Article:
OR He can read it but can’t write the language.
What do 3, 4, 5, 6, and 7 above imply?
And what about these? What is implied by these utterances?
8. I don’t know what you mean.
9. I don’t know John Smith.
10. I don’t know where we are.
11. I don’t know what ‘ballistic’ means.
12. I don’t know why the world is getting warmer.
The French writer, Voltaire, defined imagination in this way; ‘It is the power every sentient being knows she possesses to represent concrete objects within her mind. Our memory retains the things we see, hear and feel and then our imagination puts them all together.’ The imagination has a reproductive function – it draws on previously remembered experiences, and it has a creative function – it can conjure up completely new objects that you have never experienced. In effect, this creative function can produce imagery similar to that produced in dreams. It seems that the imagination is able to synthesize from what is stored in the memory.
Edward de Bono coined the term ‘lateral thinking’ to refer to the type of thinking that uses the imagination in ways that are not linear, but more multi-directional, to come up with possibilities that are not readily apparent when thinking in more usual ways.
Stephen Pinkner writes about man’s first attempts to store the food from plants and animals. He said that the best place to store meat was in the stomach of a neighbour, which sounds a very strange thing to say until Pinkner elaborates. He goes on to explain that, of course, the meat eaten by the neighbour cannot be retrieved, but the memory of that meat can, and this can then be returned in kind later as the neighbour returns the favour.
It is in thinking like this that you use your imagination to synthesize, to create, and to find alternative understandings of a situation or a dilemma.
Like the meaning of the word ‘know’, the word ‘understand/ing’ has many different shades of meaning.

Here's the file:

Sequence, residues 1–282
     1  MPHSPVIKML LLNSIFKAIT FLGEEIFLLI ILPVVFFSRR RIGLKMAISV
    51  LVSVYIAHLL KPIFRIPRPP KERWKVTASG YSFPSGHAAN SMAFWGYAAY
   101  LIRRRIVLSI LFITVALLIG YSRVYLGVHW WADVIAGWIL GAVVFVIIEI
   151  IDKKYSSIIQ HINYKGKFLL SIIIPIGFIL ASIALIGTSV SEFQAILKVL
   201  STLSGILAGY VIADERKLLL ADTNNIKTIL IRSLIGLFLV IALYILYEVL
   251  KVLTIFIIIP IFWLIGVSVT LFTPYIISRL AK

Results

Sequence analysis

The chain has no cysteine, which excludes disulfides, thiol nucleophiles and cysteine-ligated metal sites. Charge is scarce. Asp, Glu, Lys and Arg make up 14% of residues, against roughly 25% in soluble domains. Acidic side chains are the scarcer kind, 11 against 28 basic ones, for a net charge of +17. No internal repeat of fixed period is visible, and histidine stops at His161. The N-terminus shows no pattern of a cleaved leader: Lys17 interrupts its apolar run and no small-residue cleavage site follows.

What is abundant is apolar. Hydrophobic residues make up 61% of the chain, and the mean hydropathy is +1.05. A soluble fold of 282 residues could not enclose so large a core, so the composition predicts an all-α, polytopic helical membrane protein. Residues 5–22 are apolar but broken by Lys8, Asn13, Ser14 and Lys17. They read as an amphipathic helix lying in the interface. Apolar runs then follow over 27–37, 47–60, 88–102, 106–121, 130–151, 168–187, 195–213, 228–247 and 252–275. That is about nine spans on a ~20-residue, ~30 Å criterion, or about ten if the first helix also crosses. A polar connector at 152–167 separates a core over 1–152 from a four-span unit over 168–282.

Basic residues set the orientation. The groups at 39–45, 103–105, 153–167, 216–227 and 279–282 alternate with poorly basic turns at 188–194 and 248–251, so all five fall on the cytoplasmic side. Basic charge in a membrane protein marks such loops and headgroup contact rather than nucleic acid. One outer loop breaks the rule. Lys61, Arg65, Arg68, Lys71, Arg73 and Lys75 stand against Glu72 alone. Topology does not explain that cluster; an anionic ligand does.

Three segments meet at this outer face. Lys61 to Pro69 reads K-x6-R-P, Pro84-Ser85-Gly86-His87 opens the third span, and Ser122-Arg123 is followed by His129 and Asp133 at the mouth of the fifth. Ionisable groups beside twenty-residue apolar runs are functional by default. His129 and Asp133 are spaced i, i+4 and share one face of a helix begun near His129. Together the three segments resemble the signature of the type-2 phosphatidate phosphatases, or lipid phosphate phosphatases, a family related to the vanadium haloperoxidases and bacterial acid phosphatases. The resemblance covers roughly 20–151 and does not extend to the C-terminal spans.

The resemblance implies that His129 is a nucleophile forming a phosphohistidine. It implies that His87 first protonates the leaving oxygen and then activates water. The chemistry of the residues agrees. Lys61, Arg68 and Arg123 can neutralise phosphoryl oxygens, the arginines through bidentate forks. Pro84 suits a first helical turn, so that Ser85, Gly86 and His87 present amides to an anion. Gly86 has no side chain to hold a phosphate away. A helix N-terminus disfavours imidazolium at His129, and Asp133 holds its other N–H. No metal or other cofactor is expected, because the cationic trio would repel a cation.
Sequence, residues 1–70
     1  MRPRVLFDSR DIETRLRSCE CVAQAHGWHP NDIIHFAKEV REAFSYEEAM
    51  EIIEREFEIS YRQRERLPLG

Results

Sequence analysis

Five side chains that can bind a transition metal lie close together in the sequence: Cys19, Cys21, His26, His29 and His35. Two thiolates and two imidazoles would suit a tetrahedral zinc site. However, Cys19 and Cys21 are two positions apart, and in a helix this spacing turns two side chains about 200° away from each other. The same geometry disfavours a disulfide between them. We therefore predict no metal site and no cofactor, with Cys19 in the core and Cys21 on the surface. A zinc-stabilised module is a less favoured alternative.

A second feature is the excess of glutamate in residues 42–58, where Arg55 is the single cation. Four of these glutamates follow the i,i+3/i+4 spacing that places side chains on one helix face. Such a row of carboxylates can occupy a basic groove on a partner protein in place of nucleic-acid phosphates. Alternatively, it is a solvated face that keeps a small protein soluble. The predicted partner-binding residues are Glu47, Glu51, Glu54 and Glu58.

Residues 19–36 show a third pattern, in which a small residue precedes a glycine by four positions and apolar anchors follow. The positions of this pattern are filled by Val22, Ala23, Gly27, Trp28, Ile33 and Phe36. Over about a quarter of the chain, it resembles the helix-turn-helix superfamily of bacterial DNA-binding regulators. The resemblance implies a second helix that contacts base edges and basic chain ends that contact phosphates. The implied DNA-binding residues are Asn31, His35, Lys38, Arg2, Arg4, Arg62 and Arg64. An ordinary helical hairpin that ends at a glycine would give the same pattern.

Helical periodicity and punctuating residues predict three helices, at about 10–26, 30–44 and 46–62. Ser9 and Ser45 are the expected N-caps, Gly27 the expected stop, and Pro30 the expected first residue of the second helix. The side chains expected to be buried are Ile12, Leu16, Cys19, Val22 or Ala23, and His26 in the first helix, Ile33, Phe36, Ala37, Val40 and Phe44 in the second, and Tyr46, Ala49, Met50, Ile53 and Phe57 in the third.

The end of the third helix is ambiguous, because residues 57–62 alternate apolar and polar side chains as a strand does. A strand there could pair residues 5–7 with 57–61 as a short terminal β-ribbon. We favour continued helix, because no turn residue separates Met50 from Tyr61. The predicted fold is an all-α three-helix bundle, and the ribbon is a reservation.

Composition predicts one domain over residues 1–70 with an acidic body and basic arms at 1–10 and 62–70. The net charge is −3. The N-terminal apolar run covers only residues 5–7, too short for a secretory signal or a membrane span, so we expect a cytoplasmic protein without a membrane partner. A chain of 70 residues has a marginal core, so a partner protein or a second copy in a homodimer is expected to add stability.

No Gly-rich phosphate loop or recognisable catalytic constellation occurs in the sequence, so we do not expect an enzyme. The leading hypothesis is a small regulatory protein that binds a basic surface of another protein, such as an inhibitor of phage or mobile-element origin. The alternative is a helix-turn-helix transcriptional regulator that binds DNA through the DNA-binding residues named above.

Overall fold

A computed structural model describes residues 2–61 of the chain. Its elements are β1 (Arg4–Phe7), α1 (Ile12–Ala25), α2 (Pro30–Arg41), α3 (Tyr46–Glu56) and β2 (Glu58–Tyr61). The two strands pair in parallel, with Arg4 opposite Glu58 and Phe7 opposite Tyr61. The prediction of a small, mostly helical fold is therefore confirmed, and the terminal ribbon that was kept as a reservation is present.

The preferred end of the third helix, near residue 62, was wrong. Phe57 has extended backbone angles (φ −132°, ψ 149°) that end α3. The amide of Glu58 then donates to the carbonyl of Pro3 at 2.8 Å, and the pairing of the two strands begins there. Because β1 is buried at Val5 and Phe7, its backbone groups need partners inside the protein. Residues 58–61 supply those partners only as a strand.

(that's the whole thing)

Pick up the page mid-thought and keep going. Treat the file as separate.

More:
Look at these expressions, and try to think about what the word ‘understand/s’ means.
13. I understand you want to buy my car.
14. I understand Turkish, but can’t speak it very well.
15. I understand you.
16. I understand the first Law of Thermodynamics.
17. I understand why she feels that way.
It is clear that we use words like ‘know’ and understand’ in a lot of ways, so that to know something or to understand something else is to have some knowledge of it, even though the nature of that knowledge can, at times, be very different, both in quality and type.
When you come to think about something you are studying, ask yourself if you understand it, and when you do, bed sure you understand which of the ‘understands’ you are using.
To fully know and understand an English word, for example, is to know some or all of the following:
How to spell the word
What it means
What different meanings it can have
What different parts of speech it can be. (Rain = noun or verb)
How it collocates with other words (a + torrential + downpour)
How it is pronounced (in isolation as well as in the middle of an utterance of several words)
The register it evokes when spoken or written
Whether it is more commonly found written or spoken - and a lot more besides.
Now think how much more complicated implications are involved in sentences like these:
18. I know Dubai very well.
19. I know the law.
20. I know who I am.
21. I know my own mind.
Now think about what you think you know or what you say you know, and think what saying that or thinking it means – exactly and fully. When you have done that once or twice, repeat what you think you know – be honest – you are fooling nobody but yourself if you claim you fully understand something when you don’t.
Actually, that is a bit unfair of me – nobody can fully understand all there is to understand about anything. All the same, knowing your limits as well as your limitations is useful, as is the confidence you will gain by increasing your knowledge and your understanding of something you are studying or learning about.
Robert L. Fielding